Implementation of Schemes

Our constitution provides, as a fundamental right, that no child below the age of fourteen years shall be employed in any factory, or mine, or be engaged in any other hazardous occupation. Once Dr. Rajendra Prasad had remarked, “We might search our hearts and ask ourselves whether we have done everything possible to implement this directive.”

According to the report of the National Commission on Labour, the employment of children in factories, mines, plantations or in other organized sectors has been decreasing. However, this report adds that it continues to persist in varying degrees in the unorganized sector, such as, small plantations, restaurants, hotels, cotton ginning and weaving, carpet weaving, stone breaking, brick kiln, handicrafts and road building, etc. Employment of children, who are below the prescribed age, was also reported to be continuing at far off places and in rural areas where enforcement of statutory provisions was all the more difficult.

The real enforcement lies in the implementation. The positive side of implementation is that law should have and validity. The greedy employers do not care the existing laws. Like all other countries several industrial activities such as manufacturing, mines, construction and various kind of transport are dealt with by separate laws and regulations. On the other hand the immature children are in the dark about legal protection. Like all laws should be properly administered. The essential feature of the administration of labour law is inspection. A peculiar feature is that the employer always tries to draw a screen before the inspector. Inspector hardly gets any opportunity to identify the child for verify his age and the other working conditions. Children do not come openly to the inspector to report about their grievances.

International Labour Organization and Child Labour

The basic aim of the ILO to abolish Child Labour altogether is yet a distant goal in view of the present economic setup of the World. It has taken measures to protect the working children and to ameliorate their working and living conditions and to impart job-based education. The United Nations declaration of the rights of the child says:

“The child shall enjoy special protection and shall be given opportunities and facilities, by law and by other means, to enable him to develop physically, mentally, spiritually and socially in a healthy and normal manner and in conditions of freedom and dignity. In the enactment of laws for this purpose the best interests of the child shall be the paramount consideration.”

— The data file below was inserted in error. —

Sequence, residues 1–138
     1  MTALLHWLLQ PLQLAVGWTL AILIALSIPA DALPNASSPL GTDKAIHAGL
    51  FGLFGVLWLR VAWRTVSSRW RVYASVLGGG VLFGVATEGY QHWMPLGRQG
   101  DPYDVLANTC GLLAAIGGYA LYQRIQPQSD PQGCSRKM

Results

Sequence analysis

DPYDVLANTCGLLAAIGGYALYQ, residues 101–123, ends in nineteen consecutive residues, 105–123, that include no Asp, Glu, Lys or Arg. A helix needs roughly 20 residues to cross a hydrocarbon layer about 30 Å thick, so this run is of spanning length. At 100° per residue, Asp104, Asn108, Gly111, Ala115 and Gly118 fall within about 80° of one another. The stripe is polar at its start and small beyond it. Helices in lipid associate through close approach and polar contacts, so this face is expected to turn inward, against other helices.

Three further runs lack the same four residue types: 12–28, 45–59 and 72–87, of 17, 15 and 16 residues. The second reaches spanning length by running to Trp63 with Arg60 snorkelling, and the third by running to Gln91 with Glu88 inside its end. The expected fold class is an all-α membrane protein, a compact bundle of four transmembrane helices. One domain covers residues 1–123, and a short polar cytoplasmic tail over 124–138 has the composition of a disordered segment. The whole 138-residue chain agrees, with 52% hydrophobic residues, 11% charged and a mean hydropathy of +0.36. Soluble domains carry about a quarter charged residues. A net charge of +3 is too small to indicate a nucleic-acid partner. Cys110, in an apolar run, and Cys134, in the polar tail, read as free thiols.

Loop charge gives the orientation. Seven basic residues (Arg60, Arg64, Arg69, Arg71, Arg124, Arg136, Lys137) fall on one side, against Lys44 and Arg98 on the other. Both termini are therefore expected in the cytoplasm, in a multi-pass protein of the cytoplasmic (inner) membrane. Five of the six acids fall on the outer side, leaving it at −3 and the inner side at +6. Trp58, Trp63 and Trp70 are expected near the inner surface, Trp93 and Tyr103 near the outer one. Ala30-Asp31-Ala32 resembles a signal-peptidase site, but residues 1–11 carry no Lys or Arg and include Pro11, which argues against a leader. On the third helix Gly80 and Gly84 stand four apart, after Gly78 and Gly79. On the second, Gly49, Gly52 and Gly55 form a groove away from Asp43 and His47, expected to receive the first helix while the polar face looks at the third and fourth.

It further states that: “the child shall be protected against all forms of neglect, cruelty and exploitation. He shall not be the subject of traffic, in any form. The child shall not be admitted to employment before an appropriate minimum age; he shall in no case be caused or permitted to be engaged in any occupations or employment which would prejudice his health or education, or interfere with his physical, mental or moral development.”

Best blessings on those
Little, innocent lives
Bloomed on earth,
Who have brought the message
Of joy from heavenly garden
- Rabindra Nath Tagore

It is the bounded duty of the country to provide for atleast free primary education for all children. One must remember that the industrialization can wait but youth does not last long. This right to primary education must be for all the present time, and not a dubious or ambiguous must be for the present for some defined future. The basic guarantees of our Constitutional must be fulfilled here and now.

Therefore, so far as the projects for development of human resources are concerned, the programme for welfare of children must be given top priority. It is only in this way that children can be trained to be good future citizen, mentally alert and prosperous. We should aim at providing proper and equal opportunities for development to all children in the light of the above mentioned constitutional directives. It is only then that we can fulfill our aspirations and achieve our objectives of social justice and equality enshrined in our constitution.